In the comments to a recent post a sceptic tried, in the usual way, to convince us to abandon our delusions. He cited various references, including a fMRI study published in the Journal of Cognitive Neuroscience in 2008, which claims to have demonstrated that psi does not exist.
Again, as is often the case, the study says more about the urgent disbelief of debunking psychologists than it says about psi. It's shortcomings were widely noted at the time, but since sceptics take it so completely at face value I thought I'd give it another look.
The experiment was carried out by Samuel Moulton, a Harvard psychology graduate, and his mentor Stephen Kosslyn, who is well-regarded for his brain studies on mental imagery and visual perception. The authors consider that the evidence for psi so far is highly dubious. Anecdotal experiences can be attributed to cognitive illusions, while the outcome of ESP experiments is ambiguous. By contrast, they think that brain scanning technology is sufficiently reliable to settle the matter. If psi exists then, ergo, it ought to show up in fMRI scans.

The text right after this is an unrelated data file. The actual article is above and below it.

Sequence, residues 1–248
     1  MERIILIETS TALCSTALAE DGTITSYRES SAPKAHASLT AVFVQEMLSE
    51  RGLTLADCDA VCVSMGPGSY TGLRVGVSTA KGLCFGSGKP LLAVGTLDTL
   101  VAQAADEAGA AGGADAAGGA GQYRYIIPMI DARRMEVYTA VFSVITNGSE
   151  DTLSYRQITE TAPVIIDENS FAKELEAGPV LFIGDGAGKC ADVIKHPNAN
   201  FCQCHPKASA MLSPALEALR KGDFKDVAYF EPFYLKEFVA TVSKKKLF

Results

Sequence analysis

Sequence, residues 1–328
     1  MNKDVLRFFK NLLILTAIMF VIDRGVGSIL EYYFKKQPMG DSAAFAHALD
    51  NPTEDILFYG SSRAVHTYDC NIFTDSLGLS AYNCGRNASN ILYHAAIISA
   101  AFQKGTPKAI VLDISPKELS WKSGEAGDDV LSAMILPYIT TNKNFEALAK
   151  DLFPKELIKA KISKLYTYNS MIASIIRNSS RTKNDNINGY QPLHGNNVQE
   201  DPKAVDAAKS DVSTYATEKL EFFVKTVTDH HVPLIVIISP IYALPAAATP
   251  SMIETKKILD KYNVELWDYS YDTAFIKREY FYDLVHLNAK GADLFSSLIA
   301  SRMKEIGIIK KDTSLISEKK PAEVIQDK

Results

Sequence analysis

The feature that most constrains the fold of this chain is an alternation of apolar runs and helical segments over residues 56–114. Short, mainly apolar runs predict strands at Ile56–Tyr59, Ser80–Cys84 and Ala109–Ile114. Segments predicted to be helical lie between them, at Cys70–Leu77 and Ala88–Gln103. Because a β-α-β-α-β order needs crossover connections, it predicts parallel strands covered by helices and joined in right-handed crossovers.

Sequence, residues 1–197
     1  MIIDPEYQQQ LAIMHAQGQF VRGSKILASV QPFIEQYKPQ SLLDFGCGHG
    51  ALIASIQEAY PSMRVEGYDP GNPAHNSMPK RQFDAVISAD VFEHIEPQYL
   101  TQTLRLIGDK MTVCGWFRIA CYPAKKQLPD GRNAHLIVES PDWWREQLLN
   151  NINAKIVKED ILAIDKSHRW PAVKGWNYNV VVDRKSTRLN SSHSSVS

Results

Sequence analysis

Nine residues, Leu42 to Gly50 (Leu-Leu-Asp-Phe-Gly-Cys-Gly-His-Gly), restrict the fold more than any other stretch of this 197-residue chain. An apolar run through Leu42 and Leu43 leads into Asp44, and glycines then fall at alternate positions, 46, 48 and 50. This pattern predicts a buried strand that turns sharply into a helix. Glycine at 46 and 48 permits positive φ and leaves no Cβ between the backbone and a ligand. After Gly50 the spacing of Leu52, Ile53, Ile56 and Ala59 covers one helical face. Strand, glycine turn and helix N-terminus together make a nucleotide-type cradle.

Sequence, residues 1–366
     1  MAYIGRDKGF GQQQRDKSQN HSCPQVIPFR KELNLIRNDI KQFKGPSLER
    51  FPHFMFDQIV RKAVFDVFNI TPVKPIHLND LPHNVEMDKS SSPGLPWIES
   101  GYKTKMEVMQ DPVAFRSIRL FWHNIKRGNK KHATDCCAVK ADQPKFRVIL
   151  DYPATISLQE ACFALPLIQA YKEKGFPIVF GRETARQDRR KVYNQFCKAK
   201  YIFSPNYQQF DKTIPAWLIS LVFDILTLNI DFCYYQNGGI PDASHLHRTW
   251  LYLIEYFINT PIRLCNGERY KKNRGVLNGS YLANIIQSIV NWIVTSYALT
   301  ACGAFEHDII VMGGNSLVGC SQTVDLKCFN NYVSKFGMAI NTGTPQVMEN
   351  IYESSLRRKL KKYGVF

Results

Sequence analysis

Accordingly they recruited 19 bonded pairs of people - twins, couples, friends - which they whittled down to 16, one acting as sender and the other placed in the scanner as receiver. The receiver was shown two pictures, one being 'sent' by the sender and the other a control, and asked to guess which by pressing a button. The results came out at 50%, as expected if chance alone was operating, nor did anything unusual show up on the scans.
Analyses of group data revealed no evidence whatsoever of psi. Psi and non-psi stimuli evoked widespread but indistinguishable neuronal responses . . . The results support the null hypothesis that psi does not exist.
The study shows an impressive attention to detail, and in its technical aspects looks extremely solid, eg:
Functional series were analyzed using FMRIB's Improved Linear Model (FILM; Woolrich, Ripley, Brady, & Smith, 2001), which removes nonparametrically estimated temporal autocorrelation in each voxel's time series before applying the general linear model (GLM). For each series we modeled neural responses to the psi stimulus, non-psi stimulus, and feedback stimulus, as well as their temporal derivatives by convolving the basic waveforms (based on onset time and duration) of these variables with a double-gamma canonical hemodynamic response function (Glover, 1999). The same temporal filtering that was applied to the data was also applied to the model. For every functional volume, the following linear contrasts were employed to create statistical parametric maps (SPMs): non-psi > psi, and psi > non-psi.
So these guys know their stuff. Or do they?